The 2010 guidance document provides advice on meeting the educational needs of children and young people with healthcare needs in the education setting. The guidance offers advice on how schools formulate policies to support children and young people with healthcare needs. Whilst stakeholders have welcomed the updating of the guidance document, it is not part of a legislative framework and many argue that the new guidance will not be adequate.

There are over 15 health and children organisations (including the Royal College of Paediatrics and Child Health and Diabetes UK) working together to collate evidence of issues faced by families and to influence legislative change in Wales. There is a strong feeling amongst these stakeholders and their supporters that there is a need for a change in the legislation in Wales to introduce a statutory duty of care for children and young people with healthcare needs. The group believes that updating the guidance does not address or resolve common issues regularly experienced by families in Wales and that increasingly variable results for this most vulnerable group of children will continue.

The current guidance frameworks for the management of children’s healthcare needs in a school setting differ in Wales and England. In England, the Children and Families Act 2014 came into force on 1 September 2014. Section 100 contains a statutory duty to support pupils with medical conditions, meaning that in practice schools must make additional arrangements for supporting children and young people at schools with healthcare needs. This legislation does not apply to schools in Wales.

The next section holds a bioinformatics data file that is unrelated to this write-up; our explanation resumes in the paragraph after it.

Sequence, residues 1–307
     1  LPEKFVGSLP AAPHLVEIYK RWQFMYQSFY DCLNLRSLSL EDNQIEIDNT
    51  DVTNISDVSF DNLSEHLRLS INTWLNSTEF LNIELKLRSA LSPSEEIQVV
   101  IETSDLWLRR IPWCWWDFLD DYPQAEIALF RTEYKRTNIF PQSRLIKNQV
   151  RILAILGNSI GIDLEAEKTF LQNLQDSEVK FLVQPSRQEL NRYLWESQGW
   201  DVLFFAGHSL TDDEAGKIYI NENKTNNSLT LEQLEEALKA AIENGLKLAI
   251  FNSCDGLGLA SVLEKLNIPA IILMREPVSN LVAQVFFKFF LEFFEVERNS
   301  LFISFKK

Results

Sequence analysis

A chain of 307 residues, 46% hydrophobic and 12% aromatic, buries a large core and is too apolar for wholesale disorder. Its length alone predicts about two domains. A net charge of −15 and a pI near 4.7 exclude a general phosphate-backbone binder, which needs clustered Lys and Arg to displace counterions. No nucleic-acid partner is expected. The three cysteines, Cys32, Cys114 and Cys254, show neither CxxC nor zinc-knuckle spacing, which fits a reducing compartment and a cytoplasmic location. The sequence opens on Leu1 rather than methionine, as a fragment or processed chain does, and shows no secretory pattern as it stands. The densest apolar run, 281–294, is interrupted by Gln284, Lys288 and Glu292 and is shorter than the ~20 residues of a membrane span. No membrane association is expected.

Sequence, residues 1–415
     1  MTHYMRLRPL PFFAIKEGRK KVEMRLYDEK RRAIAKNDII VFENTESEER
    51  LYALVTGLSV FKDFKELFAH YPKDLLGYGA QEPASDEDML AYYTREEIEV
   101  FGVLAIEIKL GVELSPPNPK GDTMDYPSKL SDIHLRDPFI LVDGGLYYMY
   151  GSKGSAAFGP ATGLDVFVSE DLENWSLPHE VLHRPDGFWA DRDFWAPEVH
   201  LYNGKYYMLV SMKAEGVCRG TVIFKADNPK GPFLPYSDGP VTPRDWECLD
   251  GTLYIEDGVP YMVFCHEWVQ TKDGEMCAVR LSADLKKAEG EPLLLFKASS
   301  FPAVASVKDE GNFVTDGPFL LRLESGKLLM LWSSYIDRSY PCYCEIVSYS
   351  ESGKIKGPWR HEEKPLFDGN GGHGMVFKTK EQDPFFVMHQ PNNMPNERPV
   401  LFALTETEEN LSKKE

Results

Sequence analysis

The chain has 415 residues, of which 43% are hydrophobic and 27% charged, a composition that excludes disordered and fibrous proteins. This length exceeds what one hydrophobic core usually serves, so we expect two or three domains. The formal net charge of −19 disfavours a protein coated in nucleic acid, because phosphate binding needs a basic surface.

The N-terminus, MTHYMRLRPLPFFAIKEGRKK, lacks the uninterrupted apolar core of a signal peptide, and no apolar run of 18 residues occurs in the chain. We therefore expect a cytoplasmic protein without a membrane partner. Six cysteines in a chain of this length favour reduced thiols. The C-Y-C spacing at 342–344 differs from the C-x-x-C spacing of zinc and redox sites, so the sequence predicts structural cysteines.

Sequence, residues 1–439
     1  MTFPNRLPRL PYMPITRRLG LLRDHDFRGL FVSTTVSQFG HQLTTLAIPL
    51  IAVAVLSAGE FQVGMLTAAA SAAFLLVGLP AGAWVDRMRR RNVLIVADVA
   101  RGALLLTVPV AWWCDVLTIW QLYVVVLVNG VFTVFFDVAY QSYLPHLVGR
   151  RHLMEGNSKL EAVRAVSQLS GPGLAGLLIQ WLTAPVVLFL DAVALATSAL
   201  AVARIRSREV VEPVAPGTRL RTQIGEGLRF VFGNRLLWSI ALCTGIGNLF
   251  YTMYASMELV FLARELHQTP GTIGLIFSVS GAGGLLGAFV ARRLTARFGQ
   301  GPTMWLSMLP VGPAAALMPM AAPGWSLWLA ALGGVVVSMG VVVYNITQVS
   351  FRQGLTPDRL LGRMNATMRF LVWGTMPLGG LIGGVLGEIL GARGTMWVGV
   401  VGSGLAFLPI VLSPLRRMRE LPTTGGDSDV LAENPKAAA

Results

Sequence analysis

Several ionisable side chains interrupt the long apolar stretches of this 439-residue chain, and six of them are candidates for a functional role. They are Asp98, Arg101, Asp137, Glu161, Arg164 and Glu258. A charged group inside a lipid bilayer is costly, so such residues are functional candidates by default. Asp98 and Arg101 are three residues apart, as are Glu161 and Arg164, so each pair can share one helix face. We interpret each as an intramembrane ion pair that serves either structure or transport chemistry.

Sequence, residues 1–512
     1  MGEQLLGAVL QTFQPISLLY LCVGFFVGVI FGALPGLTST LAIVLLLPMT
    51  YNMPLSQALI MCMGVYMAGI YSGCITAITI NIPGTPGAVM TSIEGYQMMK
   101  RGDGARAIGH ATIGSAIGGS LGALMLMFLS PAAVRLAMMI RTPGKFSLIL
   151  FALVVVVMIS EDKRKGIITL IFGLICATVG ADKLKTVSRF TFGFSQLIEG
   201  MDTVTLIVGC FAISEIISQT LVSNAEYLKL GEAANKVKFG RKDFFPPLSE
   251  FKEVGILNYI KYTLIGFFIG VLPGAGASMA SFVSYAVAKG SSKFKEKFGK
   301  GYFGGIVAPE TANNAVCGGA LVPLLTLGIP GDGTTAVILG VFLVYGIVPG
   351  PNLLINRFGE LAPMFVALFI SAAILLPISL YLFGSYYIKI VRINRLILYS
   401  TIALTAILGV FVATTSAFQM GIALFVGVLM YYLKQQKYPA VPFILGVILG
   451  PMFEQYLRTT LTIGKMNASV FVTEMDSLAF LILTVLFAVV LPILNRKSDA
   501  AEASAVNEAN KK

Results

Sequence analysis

Schools in England are required by law to have a medical conditions policy in place, as well as an Individual Health Plan (IHP) for each child with medical needs. The policy should recognise that some health conditions can be life threatening and that they can also affect how a child learns. Schools must regularly review and audit their policy and IHPs to make sure the arrangements for children with healthcare needs are working. Together, the documents detail how the school will care for any children with medical conditions, the procedures for getting the right care and training in place and who is responsible for making sure the policy is carried out.